Should You Text Internet Leads In Addition To Calling?

Technology is always changing the ways that attorneys do business. Years ago, email, phone calls and letters were the major ways to communicate with potential personal injury leads. But today, it is common for attorneys to get a person’s cell phone number as their major point of contact. So now that you have the person’s cell phone number, should you be texting the lead, calling the lead, or both?

Should you text internet leads in addition to calling?

Technology is always changing the ways that attorneys do business. Years ago, email, phone calls and letters were the major ways to communicate with potential personal injury leads. But today, it is common for attorneys to get a person’s cell phone number as their major point of contact. So now that you have the person’s cell phone number, should you be texting the lead, calling the lead, or both?

To answer this question accurately, it is important to point out these guidelines:

Check With Your State Bar Rules on Texting

We generally support text messaging clients and leads as it is an effective way to stay in front of them. But your state bar could have a different view of the matter. It is a smart idea to check with your state’s bar about how they view SMS messaging and marketing.

Note that the Telephone Consumer Protection Act (TCPA) states that all businesses must have the permission of consumers before sending any type of text message.

Call First, Then Text

When a consumer gives their information on a legal lead form, they expect that someone will contact them soon. Thus, it is always vital to contact that lead as soon as you can. A legal lead is much more likely to become a legal client if they have not moved on to something else. And if you do not call them right away, they may find another personal injury attorney.

After you make the initial phone call, whether you get to talk to them or not, texting them a follow up is a good move. People check their text messages throughout the day, so you are definitely going to stay in that lead’s mind with an SMS message.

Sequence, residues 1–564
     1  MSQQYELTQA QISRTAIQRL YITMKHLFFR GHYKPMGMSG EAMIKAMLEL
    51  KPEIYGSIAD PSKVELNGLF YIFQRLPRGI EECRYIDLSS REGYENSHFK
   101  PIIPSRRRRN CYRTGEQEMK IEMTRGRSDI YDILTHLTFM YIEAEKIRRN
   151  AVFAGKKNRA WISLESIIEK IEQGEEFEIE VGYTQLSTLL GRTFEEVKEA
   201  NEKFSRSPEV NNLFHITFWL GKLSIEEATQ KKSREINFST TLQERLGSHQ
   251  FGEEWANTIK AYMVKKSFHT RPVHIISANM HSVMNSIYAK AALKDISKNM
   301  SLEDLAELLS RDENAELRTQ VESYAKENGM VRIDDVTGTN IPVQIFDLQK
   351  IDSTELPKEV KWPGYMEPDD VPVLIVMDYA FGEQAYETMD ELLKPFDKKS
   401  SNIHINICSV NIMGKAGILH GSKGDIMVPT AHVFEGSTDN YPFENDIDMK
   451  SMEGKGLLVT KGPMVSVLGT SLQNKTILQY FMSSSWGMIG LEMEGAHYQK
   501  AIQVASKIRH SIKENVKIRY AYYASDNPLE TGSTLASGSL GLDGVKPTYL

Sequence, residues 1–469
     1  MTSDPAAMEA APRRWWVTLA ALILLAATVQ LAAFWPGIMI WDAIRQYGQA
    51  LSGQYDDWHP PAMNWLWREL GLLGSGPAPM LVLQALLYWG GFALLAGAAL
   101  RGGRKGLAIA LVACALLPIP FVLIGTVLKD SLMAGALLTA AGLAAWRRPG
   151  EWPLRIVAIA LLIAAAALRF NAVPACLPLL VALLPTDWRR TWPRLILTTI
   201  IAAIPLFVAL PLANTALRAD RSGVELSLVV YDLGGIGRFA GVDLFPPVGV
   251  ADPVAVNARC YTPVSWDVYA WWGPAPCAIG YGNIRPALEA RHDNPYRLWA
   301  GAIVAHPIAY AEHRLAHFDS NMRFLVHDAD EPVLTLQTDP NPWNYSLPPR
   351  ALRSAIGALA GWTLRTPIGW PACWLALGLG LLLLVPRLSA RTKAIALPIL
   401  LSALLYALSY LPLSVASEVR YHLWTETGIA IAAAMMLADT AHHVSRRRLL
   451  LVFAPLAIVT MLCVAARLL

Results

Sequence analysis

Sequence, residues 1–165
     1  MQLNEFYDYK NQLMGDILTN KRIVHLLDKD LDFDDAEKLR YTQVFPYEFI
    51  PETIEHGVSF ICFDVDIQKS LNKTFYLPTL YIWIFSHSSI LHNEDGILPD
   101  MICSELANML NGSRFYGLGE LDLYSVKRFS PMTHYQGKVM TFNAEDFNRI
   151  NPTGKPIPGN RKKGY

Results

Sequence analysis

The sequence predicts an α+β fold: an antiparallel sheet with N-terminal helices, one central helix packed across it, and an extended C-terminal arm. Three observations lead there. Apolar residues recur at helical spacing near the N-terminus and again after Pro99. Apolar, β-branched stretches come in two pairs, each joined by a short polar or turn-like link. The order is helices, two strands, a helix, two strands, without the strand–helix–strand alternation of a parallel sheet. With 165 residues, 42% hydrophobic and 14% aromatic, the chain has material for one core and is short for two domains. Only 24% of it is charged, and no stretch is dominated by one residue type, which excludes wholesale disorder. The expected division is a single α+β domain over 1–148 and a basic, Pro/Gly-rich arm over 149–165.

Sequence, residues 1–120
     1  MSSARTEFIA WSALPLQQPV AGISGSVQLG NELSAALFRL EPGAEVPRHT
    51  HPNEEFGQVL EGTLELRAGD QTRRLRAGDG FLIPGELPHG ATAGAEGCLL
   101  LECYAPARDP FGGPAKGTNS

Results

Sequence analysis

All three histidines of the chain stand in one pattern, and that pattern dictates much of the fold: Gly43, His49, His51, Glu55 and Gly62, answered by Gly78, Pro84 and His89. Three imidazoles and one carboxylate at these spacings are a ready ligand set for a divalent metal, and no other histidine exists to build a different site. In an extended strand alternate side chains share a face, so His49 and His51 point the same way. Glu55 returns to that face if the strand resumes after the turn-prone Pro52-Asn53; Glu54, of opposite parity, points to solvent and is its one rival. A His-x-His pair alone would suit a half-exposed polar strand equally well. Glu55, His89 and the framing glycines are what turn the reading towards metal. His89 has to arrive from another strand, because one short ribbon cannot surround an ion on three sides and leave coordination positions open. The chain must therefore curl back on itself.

Setting Up a Time to Talk

If you have a phone number and an email of a legal prospect, it is a good idea to call the person first and get the time to talk set up that way. Leave a message if they do not answer. Then follow up with an email to suggest setting up a time to talk.

Texting in this case should probably be used just to change the meeting time or location.

Exchanging General Information

If you need to communicate some details to the client or lead, a text message can work fine. But if the text subject is getting detailed, going to email is a better solution. At that point, you can summarize what you were texting about and get into a more specific discussion.

However, remember that you should not be divulging detailed case information with texts. Also remember that many cell phones preview text messages on the screen. If you are taking text messages from clients, that feature should be turned off on your phone.

How to Use SMS Texting with a Legal Prospect

If you do not know how to start texting with a prospect, here’s a simple script:

  • State their name to start the text.
  • State your name and your law firm.
  • Tell them you are contacting them because they made an online inquiry for legal representation at a certain date/time.
  • Let them know other ways you tried to contact them – either phone, email or both
  • Provide your email or direct number and ask to set up a time to talk

If you keep these tips and guidelines in mind, you can use texting as an effective way to contact leads and clients.